Form 4562 Depreciation and Amortization (Including Information on Listed Property) Y N
Form 3468 Investment Credit Y N
Form 4684 Casualties and Thefts Y N
Form 5884 Work Opportunity Credit Y N
Form 5884-A Credits for Affected Midwestern Disaster Area Employers Y N
Form 6252 Installment Sale Income N Redact Part III, line item 27 to remove the name, address and TIN listed
Form 6478 Biofuel Producer Credit Y N
Form 6765 Credit for Increasing Research Activities Y N
Form 6781 Gains and Losses from 1256 Contracts and Straddles Y N
Form 8283 Noncash Charitable Contribution N Page one: Redact Part I.
Redact Part II item c that identifies the charitable organization the donation was made to.
Redact Part II item e if there is a name listed.
Page two: Redact Parts III and IV of the form for the identifying name, address and EIN of the appraiser and donee acknowledging the gift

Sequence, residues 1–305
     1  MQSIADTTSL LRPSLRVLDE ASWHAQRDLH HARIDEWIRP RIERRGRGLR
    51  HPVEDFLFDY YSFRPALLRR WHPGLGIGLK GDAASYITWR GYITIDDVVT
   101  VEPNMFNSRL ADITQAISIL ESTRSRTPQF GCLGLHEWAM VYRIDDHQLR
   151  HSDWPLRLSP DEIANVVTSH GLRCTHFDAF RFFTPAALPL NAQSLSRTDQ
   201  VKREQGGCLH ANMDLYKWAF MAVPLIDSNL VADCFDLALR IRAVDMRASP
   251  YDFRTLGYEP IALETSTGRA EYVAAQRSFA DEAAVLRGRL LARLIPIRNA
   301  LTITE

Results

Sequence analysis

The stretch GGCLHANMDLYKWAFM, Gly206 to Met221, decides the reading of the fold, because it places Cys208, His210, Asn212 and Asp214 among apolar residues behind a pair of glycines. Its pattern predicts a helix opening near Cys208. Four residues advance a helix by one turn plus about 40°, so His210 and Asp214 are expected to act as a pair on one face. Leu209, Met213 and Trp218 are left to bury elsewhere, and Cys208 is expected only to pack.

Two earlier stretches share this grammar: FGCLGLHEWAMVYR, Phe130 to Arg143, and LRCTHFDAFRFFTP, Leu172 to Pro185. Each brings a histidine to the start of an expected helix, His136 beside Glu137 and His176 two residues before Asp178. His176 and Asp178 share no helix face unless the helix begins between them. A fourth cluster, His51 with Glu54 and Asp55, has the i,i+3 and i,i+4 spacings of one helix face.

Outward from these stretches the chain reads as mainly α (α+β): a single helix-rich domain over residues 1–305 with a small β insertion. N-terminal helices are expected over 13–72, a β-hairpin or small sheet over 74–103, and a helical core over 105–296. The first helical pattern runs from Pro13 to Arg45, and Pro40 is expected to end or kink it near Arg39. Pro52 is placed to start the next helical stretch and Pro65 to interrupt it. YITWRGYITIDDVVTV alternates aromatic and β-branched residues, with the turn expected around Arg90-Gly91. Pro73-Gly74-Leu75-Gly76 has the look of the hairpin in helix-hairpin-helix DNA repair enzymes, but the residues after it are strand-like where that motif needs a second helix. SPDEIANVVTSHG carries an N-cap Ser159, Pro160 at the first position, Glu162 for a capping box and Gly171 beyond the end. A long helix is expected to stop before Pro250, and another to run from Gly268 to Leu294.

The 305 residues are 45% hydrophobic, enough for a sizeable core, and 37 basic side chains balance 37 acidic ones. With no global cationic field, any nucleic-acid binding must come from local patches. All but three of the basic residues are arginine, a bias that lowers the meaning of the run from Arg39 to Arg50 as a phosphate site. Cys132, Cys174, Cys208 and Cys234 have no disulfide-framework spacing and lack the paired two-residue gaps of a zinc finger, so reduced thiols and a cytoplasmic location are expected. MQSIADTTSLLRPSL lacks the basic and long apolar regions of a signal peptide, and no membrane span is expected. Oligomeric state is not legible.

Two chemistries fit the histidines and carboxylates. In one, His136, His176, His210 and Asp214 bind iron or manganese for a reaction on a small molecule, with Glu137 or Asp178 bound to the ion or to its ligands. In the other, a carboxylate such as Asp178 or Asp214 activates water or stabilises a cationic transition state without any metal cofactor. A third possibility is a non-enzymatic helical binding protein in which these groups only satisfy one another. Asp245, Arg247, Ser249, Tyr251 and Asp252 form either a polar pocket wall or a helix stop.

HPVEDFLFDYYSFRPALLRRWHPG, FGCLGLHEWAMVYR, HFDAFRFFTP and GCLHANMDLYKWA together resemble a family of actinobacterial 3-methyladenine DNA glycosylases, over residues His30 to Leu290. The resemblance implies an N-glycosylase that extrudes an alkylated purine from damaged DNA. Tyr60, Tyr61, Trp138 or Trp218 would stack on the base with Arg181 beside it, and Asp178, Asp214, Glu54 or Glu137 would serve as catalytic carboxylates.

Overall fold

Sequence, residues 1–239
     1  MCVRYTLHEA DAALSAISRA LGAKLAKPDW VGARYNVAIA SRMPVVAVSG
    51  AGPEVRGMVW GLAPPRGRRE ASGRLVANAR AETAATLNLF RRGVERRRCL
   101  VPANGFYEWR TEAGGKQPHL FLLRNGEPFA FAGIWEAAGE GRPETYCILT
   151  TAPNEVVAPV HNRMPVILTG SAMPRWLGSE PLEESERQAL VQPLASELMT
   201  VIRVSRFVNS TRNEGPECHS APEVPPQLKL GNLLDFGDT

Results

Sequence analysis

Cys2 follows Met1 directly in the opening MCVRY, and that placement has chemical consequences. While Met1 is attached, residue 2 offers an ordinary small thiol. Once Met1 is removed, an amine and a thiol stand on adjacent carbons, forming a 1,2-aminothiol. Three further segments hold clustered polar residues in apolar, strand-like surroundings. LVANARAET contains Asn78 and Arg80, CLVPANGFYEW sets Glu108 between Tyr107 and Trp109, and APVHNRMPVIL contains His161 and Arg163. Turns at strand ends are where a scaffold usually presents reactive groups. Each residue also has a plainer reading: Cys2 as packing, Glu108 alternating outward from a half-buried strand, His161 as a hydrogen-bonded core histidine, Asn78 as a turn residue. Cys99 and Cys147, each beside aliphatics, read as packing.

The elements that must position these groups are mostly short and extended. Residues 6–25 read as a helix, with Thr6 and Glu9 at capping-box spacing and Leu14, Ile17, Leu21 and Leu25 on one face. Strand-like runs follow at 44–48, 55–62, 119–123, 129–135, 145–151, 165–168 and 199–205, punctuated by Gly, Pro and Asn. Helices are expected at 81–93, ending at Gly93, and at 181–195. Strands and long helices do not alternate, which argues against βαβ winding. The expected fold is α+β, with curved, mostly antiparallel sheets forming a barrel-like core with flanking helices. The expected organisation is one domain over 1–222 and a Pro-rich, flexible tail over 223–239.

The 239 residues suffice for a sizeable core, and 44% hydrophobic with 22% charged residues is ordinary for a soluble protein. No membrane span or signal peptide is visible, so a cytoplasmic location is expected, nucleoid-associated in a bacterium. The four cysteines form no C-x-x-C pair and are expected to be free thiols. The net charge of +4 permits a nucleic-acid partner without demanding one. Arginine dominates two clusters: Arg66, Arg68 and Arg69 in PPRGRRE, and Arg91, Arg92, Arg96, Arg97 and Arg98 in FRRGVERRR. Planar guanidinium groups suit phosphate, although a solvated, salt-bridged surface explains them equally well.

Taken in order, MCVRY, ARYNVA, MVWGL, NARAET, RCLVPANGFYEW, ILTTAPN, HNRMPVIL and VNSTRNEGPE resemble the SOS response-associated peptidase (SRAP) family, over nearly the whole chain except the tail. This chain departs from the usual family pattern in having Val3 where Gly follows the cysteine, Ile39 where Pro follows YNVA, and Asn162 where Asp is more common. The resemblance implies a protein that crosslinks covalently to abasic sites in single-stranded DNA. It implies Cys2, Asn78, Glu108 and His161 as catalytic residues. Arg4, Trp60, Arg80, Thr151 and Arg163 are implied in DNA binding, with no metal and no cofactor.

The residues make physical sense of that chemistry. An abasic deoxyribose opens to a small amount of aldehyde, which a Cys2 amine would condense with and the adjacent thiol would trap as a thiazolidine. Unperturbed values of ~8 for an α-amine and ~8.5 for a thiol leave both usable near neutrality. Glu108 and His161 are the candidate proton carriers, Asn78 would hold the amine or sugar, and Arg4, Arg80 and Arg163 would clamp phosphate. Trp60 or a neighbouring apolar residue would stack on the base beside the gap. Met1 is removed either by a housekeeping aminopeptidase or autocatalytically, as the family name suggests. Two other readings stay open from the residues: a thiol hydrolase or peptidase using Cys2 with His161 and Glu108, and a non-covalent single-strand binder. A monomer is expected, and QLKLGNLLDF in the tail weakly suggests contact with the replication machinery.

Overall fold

Form 8308 Report of a Sale or Exchange of Certain Partnership Interests N Part I, redact the name, address and TIN of all but the person making the request for the return.
Part II, redact the name, address and TIN of all but the person making the request for the return
Form 8586 Low-Income Housing Credit Y N
Form 8609-A Annual Statement for Low-Income Housing Credit Y N
Form 8611 Recapture of Low-Income Housing Credit N Redact the issuer's name in item F-(1)
Form 8693 Low-Income Housing Credit Disposition Bond N Redact Part I, section 7a the name and address listed for all but the person requesting the return
Redact Part II except the date for all but the person requesting the return
Part III, redact the signature and name of all but the individual requesting the return
Form 8697 Interest Computation under the Look-Back Method for Completed Long-Term Contracts N Redact item C for the name and EIN of the named entity